violence

John Galt Kills Americans

The National Research Council and Institute of Medicine yesterday released the results of a study addressing mortality in the United States as compared to other developed nations. The full report can be purchased here, where a summary also can be downloaded as a free pdf file. The press release on the study frames the questions addressed:

On average, Americans die sooner and experience higher rates of disease and injury than people in other high-income countries, says a new report from the National Research Council and Institute of Medicine.  The report finds that this health disadvantage exists at all ages from birth to age 75 and that even advantaged Americans — those who have health insurance, college educations, higher incomes, and healthy behaviors — appear to be sicker than their peers in other rich nations.

“We were struck by the gravity of these findings,” said Steven H. Woolf, professor of family medicine at Virginia Commonwealth University in Richmond and chair of the panel that wrote the report.  “Americans are dying and suffering at rates that we know are unnecessary because people in other high-income countries are living longer lives and enjoying better health.  What concerns our panel is why, for decades, we have been slipping behind.”

From the summary, we have this long explanation of the causes of high US mortality, where I have added emphasis:

The panel’s inquiry found multiple likely explanations for the U.S. health disadvantage:

• Health systems. Unlike its peer countries, the United States has a relatively large uninsured population and more limited access to primary care. Americans are more likely to find their health care inaccessible or unaffordable and to report lapses in the quality and safety of care outside of hospitals.

• Health behaviors. Although Americans are currently less likely to smoke and may drink alcohol less heavily than people in peer countries, they consume the most calories per person, have higher rates of drug abuse, are less likely to use seat belts, are involved in more traffic accidents that involve alcohol, and are more likely to use firearms in acts of violence.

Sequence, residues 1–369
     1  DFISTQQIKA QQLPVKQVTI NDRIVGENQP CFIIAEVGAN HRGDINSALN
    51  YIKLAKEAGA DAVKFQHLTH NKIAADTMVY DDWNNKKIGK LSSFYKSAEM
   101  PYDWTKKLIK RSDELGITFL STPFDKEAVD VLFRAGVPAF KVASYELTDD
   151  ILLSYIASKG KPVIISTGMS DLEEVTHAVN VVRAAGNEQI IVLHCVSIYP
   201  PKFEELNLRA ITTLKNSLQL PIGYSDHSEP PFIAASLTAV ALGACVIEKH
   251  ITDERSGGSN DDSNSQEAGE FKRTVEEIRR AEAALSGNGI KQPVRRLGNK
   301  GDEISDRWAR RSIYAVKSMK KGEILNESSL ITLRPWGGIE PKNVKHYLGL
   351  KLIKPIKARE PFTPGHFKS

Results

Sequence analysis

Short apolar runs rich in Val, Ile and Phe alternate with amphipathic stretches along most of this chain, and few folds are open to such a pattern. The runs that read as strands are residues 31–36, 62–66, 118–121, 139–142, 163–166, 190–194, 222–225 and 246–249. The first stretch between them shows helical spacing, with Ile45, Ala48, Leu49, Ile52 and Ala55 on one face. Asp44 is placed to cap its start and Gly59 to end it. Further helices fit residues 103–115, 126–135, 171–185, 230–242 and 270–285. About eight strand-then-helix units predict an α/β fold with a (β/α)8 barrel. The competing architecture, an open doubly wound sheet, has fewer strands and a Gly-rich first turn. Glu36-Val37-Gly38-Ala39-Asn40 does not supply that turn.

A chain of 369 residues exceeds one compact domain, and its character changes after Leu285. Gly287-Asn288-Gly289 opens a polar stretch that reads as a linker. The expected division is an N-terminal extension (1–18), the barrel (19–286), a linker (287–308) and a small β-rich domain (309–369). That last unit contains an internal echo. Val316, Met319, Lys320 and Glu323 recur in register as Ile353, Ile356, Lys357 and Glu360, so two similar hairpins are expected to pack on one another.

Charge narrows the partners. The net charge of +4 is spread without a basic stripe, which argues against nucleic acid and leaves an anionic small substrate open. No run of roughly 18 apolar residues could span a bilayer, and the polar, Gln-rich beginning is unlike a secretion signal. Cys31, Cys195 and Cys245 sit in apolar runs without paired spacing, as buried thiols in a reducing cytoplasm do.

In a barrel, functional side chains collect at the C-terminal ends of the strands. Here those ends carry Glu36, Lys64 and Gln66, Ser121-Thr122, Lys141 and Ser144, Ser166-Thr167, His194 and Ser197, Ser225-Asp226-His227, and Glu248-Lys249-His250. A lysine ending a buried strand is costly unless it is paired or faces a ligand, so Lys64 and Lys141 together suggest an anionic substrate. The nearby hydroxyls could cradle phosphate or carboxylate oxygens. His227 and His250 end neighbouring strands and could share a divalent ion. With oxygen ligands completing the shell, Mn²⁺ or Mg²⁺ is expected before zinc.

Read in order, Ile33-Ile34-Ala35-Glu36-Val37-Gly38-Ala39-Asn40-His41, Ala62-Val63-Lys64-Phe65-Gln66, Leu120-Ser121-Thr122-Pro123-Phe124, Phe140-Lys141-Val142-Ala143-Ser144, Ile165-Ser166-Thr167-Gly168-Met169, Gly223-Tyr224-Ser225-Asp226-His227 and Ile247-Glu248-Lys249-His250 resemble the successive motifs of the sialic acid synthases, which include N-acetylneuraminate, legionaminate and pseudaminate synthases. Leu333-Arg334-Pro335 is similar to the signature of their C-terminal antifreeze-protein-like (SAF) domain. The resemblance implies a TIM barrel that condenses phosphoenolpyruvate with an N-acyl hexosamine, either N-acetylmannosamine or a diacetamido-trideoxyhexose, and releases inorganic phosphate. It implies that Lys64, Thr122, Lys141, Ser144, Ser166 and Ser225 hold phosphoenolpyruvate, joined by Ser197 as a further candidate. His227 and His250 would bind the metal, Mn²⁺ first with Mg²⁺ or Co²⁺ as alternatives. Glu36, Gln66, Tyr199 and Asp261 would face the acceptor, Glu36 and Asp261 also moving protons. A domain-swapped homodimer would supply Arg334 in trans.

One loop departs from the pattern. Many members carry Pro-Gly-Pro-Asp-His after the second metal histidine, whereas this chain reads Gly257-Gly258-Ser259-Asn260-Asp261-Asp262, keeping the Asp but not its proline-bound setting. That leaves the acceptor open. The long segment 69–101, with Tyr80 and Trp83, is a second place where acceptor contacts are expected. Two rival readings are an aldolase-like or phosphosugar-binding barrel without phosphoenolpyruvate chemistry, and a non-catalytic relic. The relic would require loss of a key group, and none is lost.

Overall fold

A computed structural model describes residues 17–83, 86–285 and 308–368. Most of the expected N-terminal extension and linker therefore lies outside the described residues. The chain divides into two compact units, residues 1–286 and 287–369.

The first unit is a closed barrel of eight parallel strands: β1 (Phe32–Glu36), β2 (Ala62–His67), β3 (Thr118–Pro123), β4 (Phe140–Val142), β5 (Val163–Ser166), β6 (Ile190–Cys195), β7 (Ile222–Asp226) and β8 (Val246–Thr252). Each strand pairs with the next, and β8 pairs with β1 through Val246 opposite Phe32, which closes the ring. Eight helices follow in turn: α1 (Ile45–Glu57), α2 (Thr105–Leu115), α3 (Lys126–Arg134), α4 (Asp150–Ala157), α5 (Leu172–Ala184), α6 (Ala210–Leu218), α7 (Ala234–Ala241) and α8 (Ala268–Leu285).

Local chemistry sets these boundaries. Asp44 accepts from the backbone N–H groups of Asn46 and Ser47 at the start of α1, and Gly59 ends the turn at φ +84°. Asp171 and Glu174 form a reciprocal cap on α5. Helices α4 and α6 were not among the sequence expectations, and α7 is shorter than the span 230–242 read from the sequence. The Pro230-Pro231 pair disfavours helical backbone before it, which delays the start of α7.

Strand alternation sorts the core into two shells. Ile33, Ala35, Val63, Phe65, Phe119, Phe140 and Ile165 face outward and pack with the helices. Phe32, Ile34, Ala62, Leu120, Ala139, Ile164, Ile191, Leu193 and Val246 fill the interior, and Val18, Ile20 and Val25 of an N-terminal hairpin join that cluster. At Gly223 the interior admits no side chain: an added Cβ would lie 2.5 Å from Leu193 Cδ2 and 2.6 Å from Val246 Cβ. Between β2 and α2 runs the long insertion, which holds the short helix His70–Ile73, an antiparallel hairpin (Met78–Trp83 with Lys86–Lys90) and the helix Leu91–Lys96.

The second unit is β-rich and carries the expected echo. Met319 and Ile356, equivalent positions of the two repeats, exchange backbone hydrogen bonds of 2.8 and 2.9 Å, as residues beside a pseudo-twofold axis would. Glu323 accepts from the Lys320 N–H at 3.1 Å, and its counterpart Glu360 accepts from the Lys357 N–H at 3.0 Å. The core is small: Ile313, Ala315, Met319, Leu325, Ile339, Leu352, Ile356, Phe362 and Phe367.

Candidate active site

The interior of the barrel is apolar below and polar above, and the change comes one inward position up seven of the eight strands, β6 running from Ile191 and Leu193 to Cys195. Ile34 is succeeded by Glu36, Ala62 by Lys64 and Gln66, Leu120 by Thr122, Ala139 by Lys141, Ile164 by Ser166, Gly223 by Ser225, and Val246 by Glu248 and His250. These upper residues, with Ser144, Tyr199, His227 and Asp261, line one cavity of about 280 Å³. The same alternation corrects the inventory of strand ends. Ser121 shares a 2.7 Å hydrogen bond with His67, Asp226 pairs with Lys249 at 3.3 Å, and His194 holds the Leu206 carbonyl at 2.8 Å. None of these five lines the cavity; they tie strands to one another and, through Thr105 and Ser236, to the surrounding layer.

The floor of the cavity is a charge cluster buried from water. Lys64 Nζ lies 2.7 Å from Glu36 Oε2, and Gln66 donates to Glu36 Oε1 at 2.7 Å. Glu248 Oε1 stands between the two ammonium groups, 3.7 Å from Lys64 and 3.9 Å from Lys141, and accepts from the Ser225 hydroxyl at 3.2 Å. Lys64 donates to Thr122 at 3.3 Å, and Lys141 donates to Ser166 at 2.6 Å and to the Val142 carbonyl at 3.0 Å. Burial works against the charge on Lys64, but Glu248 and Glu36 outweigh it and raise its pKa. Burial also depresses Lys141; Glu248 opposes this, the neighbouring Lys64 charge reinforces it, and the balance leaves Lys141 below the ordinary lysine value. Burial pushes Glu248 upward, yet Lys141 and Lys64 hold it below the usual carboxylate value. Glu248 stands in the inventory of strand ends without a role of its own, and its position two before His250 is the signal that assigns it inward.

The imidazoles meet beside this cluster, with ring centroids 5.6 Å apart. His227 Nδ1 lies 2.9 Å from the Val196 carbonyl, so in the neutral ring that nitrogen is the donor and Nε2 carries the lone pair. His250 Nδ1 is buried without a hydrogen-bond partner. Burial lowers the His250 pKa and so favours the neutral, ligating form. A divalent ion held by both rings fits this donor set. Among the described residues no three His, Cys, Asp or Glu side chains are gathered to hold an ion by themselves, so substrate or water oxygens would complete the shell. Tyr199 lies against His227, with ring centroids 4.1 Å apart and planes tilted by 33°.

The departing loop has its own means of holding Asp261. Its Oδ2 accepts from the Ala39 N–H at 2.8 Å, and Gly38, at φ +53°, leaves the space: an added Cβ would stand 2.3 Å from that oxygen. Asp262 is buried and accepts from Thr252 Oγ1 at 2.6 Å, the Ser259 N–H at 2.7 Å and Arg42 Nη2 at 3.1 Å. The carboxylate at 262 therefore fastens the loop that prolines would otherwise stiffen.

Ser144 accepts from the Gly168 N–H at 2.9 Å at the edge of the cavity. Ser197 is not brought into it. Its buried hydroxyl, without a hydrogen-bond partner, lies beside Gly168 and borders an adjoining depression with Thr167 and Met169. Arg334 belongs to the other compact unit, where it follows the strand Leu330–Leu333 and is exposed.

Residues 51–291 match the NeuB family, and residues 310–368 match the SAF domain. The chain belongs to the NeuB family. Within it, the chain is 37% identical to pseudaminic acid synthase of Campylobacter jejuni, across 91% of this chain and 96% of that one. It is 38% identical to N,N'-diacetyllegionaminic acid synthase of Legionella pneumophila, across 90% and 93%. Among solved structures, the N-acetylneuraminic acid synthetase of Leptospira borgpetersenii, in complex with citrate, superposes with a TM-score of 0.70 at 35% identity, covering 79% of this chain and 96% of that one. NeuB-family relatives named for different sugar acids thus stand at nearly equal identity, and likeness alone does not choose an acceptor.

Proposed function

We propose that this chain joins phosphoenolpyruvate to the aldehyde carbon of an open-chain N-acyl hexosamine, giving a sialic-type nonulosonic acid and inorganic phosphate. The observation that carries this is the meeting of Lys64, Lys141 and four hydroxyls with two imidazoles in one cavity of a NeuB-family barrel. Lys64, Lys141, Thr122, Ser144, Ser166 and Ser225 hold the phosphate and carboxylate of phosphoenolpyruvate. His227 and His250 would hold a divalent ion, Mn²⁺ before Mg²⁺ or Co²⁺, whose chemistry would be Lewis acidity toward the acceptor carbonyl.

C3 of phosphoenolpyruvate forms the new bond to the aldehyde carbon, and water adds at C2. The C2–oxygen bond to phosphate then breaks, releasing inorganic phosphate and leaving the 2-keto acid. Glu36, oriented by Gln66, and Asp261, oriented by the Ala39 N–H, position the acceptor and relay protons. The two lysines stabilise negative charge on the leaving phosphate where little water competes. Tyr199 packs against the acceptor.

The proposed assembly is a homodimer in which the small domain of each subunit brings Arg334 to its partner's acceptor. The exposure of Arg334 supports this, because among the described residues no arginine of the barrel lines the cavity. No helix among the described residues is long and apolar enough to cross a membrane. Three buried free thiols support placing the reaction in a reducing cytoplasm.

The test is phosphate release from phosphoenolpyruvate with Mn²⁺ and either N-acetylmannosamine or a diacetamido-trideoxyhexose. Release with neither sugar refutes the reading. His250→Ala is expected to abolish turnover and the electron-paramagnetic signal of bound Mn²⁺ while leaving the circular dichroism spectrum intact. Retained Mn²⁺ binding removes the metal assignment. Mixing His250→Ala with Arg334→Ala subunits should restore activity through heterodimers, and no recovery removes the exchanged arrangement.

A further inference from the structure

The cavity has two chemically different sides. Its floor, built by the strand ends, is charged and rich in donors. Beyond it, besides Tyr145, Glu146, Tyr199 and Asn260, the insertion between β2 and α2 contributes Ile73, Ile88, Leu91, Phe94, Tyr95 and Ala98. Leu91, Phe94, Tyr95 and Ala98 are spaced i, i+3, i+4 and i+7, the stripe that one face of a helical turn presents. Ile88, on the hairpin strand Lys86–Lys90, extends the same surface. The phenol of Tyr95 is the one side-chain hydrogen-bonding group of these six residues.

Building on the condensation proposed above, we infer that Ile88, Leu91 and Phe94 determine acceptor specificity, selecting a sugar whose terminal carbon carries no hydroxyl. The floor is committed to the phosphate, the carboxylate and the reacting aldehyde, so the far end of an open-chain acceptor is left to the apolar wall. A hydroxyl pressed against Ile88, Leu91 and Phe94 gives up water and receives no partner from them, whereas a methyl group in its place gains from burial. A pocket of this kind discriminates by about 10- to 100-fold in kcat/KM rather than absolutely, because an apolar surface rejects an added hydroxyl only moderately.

• Social and economic conditions. Although the income of Americans is higher on average than in other countries, the United States also has higher levels of poverty (especially child poverty) and income inequality and lower rates of social mobility. Other countries are outpacing the United States in the education of young people, which also affects health. And Americans benefit less from safety net programs that can buffer the negative health effects of poverty and other social disadvantages.

• Physical environments. U.S. communities and the built environment are more likely than those in peer countries to be designed around automobiles, and this may discourage physical activity and contribute to obesity.

No single factor can fully explain the U.S. health disadvantage. Deficiencies in the health care system may worsen illnesses and increase deaths from certain diseases, but they cannot explain the nation’s higher rates of traffic accidents or violence. Similarly, although individual behaviors are clearly important, they do not explain why Americans who do not smoke or are not overweight also appear to have higher rates of disease than similar groups in peer countries.

More likely, the U.S. health disadvantage has multiple causes and involves some combination of inadequate health care, unhealthy behaviors, adverse economic and social conditions, and environmental factors, as well as public policies and social values that shape those conditions.

What stands out to me is that the list of reasons Americans die early overlaps significantly with the social goals of right-wing libertarians who worship Ayn Rand and John Galt. Continue reading

Emptywheel Twitterverse
emptywheel @YousefMunayyer Don't know that most Americans are good at the former though.
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emptywheel @B_Amer Besides, if they took kids sports off TV we'd see no "womens" gymnastics.
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emptywheel @B_Amer Don't be such a grouch. All the kids--except the over amped TX team--seem to be dealing with it fine.
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emptywheel @marcambinder Isn't hostage rescue pretty broad? In any case, I think hostage rescues in Somal-Kenya were Article II, no?
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emptywheel Mo'ne appears to have figured her teammates needed to calm down defensively--so she'd throw Ks until they did.
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emptywheel RT @fshakir: As good as Mo'ne Davis is, she's going to be facing the Clayton Kershaw of Little League in Vegas' Austin Kryszczuk. He's a su…
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JimWhiteGNV RT @elonjames: I'm having a hard time remaining an observer. But I'd argue how could I not? I'm watching human beings be treated like vermi…
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JimWhiteGNV RT @elonjames: I hope everyone is very much aware of the terror that the Police are bringing to the community and organizers of #Ferguson. …
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emptywheel Glad @adambonin got me following Taney before the hype got so bad (and so focused exclusively on Mo'Ne).
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JimWhiteGNV So am I by myself with this problem, or have reminders generally stopped working on iPhones?
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emptywheel @onekade Obv Snowden's fault. Back in 2012.
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